from math import * from graphics import * from time import *The import statement asks python to include the functions from a given module, or collection of functions. These three import statements ask for the functions from the math, graphics, and time modules. The math and time modules are built-in to python; the graphics module was written by Zelle, the textbook's author.
veloc = .5 #horizontal velocity (pixels per second) amp = 50 #sine wave amplitude (pixels) freq = .01 #oscillations per secondThese three variables control the speed, height, and bounce of the ball. Try changing them and see what happens to the animation. Your goal is to have the ball touch the ceiling every time.
#Set up a graphics window: win = GraphWin("Good Sine Waves",400,200) win.setCoords(0.0, -100.0, 200.0, 100.0)These lines set up the graphics window. This window will have the title, "Good Sine Waves" and width 400 pixels and height 200 pixel. A pixel is just one tiny light bulb in your computer's screen. So, 400 pixels is 400 tiny lights in the screen. You can assume that computers have screens that are at least 800 by 600 pixels. In the graphics module, there is a function for changing the coordinates of a graphics window. We did so here to make the math calculating the height of the bouncing ball easier.
#Draw a line for the x-axis: p1 = Point(0,0) p2 = Point(200,0) xAxis = Line(p1,p2) xAxis.draw(win)The graphics module has several standard shapes (see list of graphics objects). We created two points, called p1 and p2, that will be the endpoints of a line called xAxis. For our line to be seen, we need to draw it to our window (which we called win). Since it is possible to have multiple windows in a given program, we need to include the name of our window as the input to the draw function.
#Draw a ball that follows a sine wave for time in range(1000): x = time*veloc y = amp*sin(freq*time*2*pi) ball = Circle(Point(x,y),2) ball.draw(win) sleep(0.1) #Needed so that animation runs slowly enough to be seenThis loop repeats the indented statements 1000 times. First time through the variable time is 0; the next time through it is 1; and it keeps going until time is 999. Each repetition of the loop sets the variable x to a multiple of time and sets the variable y to the sine of a multiple of time. It then makes a circle centered at (x,y) and draws that circle (called ball) to the window. Lastly, we have a call to the sleep function so that the animation runs slowly enough so we can see it.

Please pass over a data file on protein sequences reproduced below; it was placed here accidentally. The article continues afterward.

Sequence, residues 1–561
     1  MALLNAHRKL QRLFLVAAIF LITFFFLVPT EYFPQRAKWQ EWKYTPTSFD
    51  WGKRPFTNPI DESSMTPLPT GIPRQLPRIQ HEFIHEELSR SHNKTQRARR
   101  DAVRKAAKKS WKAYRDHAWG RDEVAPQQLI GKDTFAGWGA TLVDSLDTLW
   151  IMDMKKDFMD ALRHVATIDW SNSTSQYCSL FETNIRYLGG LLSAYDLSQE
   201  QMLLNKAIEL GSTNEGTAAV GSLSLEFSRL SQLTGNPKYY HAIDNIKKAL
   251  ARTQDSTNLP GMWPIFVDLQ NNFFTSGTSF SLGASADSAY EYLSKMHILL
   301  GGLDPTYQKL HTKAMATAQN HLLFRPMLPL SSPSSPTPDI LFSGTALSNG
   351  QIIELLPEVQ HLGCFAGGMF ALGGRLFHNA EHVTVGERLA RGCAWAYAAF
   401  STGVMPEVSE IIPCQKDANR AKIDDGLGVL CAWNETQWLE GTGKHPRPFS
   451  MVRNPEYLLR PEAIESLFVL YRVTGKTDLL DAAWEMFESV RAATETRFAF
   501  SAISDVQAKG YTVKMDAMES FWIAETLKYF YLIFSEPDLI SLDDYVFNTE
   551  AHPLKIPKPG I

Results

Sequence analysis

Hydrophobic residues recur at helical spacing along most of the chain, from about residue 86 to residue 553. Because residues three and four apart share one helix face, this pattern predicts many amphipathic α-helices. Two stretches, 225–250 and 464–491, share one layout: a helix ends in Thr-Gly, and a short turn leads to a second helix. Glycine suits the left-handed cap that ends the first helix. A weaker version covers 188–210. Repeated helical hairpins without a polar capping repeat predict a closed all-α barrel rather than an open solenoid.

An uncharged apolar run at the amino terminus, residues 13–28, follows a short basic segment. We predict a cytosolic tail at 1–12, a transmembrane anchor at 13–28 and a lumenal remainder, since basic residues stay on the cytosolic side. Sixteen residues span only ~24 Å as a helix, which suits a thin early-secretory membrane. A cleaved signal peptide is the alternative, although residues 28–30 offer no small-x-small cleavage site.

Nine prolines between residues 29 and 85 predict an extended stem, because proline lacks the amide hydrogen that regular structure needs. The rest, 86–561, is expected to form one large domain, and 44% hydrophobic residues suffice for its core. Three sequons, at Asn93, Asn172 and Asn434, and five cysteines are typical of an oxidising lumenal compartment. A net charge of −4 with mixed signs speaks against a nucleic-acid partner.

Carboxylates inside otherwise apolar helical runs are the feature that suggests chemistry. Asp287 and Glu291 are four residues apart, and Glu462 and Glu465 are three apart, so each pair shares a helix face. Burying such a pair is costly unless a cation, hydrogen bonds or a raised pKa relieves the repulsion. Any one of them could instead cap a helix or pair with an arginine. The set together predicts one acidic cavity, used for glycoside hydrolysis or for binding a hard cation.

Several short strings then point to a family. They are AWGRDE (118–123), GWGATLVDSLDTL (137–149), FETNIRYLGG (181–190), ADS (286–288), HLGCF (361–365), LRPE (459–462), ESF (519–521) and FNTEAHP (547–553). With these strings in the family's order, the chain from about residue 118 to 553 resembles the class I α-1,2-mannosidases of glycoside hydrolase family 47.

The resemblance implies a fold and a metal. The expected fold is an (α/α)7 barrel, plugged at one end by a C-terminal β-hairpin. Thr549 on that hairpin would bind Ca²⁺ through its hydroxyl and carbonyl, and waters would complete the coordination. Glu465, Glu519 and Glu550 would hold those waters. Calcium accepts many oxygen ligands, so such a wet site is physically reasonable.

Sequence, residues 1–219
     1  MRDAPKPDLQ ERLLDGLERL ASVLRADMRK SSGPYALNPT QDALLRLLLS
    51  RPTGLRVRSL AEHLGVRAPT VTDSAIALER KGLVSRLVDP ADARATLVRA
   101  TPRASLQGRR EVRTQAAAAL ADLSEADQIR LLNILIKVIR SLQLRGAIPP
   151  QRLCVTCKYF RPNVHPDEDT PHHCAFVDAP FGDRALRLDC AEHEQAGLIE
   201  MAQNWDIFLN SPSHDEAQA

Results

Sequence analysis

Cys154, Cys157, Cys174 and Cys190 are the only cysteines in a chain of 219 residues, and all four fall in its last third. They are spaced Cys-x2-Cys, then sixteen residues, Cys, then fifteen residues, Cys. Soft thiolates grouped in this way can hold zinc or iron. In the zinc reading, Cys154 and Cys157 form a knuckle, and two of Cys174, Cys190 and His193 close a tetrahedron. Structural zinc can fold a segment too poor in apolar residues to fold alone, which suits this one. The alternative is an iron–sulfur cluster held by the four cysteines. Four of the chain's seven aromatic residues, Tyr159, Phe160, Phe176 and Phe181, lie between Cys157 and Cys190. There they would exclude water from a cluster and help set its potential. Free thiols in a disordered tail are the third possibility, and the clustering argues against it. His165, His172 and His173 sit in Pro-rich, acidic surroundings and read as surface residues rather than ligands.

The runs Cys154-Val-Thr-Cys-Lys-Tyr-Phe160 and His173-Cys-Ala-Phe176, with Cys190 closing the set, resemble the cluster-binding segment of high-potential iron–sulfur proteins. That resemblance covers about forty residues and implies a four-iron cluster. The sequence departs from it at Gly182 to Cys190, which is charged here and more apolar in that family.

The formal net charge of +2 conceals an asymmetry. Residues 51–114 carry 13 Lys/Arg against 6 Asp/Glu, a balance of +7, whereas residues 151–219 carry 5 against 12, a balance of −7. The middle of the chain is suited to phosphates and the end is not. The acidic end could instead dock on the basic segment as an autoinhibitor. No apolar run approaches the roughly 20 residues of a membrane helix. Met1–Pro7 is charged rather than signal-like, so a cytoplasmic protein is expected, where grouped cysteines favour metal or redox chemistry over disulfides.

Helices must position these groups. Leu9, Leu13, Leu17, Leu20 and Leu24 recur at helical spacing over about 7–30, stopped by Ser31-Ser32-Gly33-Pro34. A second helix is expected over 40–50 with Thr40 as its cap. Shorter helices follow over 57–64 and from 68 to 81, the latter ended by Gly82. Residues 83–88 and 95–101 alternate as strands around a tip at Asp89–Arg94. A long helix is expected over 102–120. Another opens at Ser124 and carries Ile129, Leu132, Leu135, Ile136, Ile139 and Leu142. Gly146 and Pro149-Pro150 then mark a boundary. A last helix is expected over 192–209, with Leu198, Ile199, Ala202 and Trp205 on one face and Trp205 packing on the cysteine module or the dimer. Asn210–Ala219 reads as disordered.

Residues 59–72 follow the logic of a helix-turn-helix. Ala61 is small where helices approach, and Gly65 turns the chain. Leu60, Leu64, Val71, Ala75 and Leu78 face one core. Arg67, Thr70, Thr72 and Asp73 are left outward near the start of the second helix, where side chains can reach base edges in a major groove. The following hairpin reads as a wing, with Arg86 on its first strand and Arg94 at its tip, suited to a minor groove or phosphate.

win.getMouse() win.close()We add these lines at the end of our graphics programs to keep the window open. The first command is waiting for a mouse click. After the mouse is clicked in the window, the next statement is executed, win.close() which closes the window.
goodSine()This is a call (or invocation) of the function goodSine() that we just wrote. It is not necessary to have in your file, but if you do, you do not have to type goodSine() in the Python shell to run your function. Instead, it will be called when you use the F5 key.
To make the ball appear to bounce, we need for it to stay above the line representing the x-axis. Another way of saying that is its y-coordinate should always be positive. A simple way to do that is to take the absolute value of the expression for the y variable:
y = abs(amp*sin(freq*time*2*pi))Try running your program to see the bouncing ball!
After completing your program, go to Labs in Blackboard and click on the links: Lab 3. Use the file upload interface to upload your program. Remember to include your name on your laboratory exercises and click the Submit button before closing the lab exercise.
With the remaining time, start Problem Set 3.